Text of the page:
In just over a day’s time it will all be over (we hope). The nation will have spoken, and with it will be an end to all the political posturing we have endured over the past month or so. No more claim and counter claim from political parties vying for our attention and, more importantly, our votes.
One in five teenage girls and young women aged 16–24 years in the UK are deficient in the B vitamin folate, according to the latest figures from the government’s National Diet and Nutrition Survey (NDNS).
Sir,I am writing with reference to your article (‘Industry resists inspection charges’ , Food Manufacture, April 2015, p37) on the proposal to impose further costs on the food chain by requiring the industry to accept charges for hygiene inspection.
Though still unacceptably high, childhood obesity rates appear to be plateauing, suggesting that the focus on nutrition in schools and other settings is finally starting to pay off. But are we missing a trick?
Sir,The call for tougher food waste regulations comes as a great welcome (see article 'Boost product life to cut 250,000t of food waste' ).
Suppliers aren’t feeling the pinch of the big four’s price cutting, which is their only line of defence against discounters Aldi and Lidl.
Could 2015 be the year when online food and drink shopping really takes off? While online sales have been growing rapidly, it’s been from a relatively low base.
Benefits of regular fibre intake were stressed by the Scientific Advisory Committee on Nutrition’s call to boost intakes to 30g/day from current intakes of 18g/day.
The majority of parents claim to be concerned about their children’s sugar intake.
Suppliers to the retail sector can expect seismic changes in their relationships with customers over the year ahead as the multiples attempt to fight back against the rise of the limited range discounters.
November’s Rome Declaration on Nutrition committed to worldwide eradication of hunger and prevention of malnutrition in all its forms.
News that the voluntary Public Health Responsibility Deal (PHRD) had failed to reach agreement among brand owners on the promotion of foods high in fat, sugar and salt (HFSS), has seen renewed calls for tougher regulation of the food and drink industry.
The Royal Society of Public Health’s call for calorie labelling of alcoholic drinks is a timely reminder that drinks contribute to energy intake.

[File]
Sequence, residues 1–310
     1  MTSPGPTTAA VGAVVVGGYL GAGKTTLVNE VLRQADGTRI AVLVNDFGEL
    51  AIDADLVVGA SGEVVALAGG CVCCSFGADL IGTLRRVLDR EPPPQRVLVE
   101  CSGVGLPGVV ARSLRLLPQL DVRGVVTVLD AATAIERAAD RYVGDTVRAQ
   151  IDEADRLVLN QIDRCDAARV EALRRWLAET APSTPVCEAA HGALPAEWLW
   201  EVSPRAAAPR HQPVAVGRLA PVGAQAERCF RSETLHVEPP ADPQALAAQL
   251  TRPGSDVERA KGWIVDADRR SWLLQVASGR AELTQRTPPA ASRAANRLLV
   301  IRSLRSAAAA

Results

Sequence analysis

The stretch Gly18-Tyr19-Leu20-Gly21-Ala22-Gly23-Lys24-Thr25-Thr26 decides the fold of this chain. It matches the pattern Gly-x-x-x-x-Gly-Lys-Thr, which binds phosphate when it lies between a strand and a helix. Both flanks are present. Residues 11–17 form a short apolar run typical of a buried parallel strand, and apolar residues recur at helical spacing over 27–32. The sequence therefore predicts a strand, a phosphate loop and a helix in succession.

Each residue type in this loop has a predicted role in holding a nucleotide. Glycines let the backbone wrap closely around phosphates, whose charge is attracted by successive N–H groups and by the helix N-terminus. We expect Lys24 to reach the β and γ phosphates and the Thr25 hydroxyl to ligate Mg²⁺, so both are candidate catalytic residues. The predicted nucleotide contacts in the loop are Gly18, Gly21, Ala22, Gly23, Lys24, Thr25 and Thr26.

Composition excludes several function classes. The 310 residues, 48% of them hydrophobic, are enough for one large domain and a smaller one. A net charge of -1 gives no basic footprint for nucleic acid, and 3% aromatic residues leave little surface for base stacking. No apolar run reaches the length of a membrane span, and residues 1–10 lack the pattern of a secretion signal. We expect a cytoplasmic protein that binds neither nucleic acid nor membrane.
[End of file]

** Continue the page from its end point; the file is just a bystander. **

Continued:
We are becoming a more risk-averse society. But when it comes to food and drink, some consumers – influenced by their personal beliefs and experiences – see things quite differently.
Recent popular press headlines announced that organic fruits and vegetables are healthier as they contain more antioxidants.
Given that campylobacter contamination affects around 60% of fresh chickens on sale and causes around 280,000 cases of food poisoning each year, you’d think everyone in the food supply chain would want to do anything they could to reduce infection levels.
Sir,Ask anyone whether they’d prefer food made from ‘natural’ or ‘artificial’ ingredients and the results will always favour the natural option (see article 'Demand for naturally-sweet rises ', Food Manufacture, October 2014, p21).
The words fresh and vegetables often seem joined at the hip, but is fresh always best?
Tesco’s bombshell announcement last month that it had overinflated its profits by a staggering £250M for the first six months of the year has really put the proverbial cat among the pigeons.
Professor Mike Lean of Glasgow University described as “absolute nonsense” Christopher Snowdon’s report from the Institute of Economic Affairs ‘The Fat Lie’, which claimed that a lack of exercise, rather than overeating, was behind obesity.
Nutrition is not a precise science. Most studies on the effects of human dietary intake have to take account of potentially confounding factors, since it is rarely possible to control what people eat in extended studies as it might with lab rats.
The Scientific Advisory Committee on Nutrition’s (SACN’s) report on carbohydrates and Public Health England’s subsequent plans for sugar reduction caused a stir last month.
The Food Standards Agency (FSA) Board’s decision on raw drinking milk controls (July 23 2014) was based on a risk averse approach in not accepting the recommendation of the FSA officials to modernise the rules so that consumers would be able to buy unpasteurised milk online and from vending machines. The decision was made despite the fact that sales would remain under the control of the farmers and subject to the much stricter controls than those for milk to be pasteurised.
Although the UK’s cardiovascular disease (CVD) rates have been falling, a substantial increase is predicted at a global level.
News that supermarket chain Sainsbury had entered into a £25M joint venture (jv) with Dansk Supermarked to establish 15 Netto stores across the UK was further evidence that the major multiples recognised they needed to do more to address the inexorable rise of hard discounters Aldi and Lidl.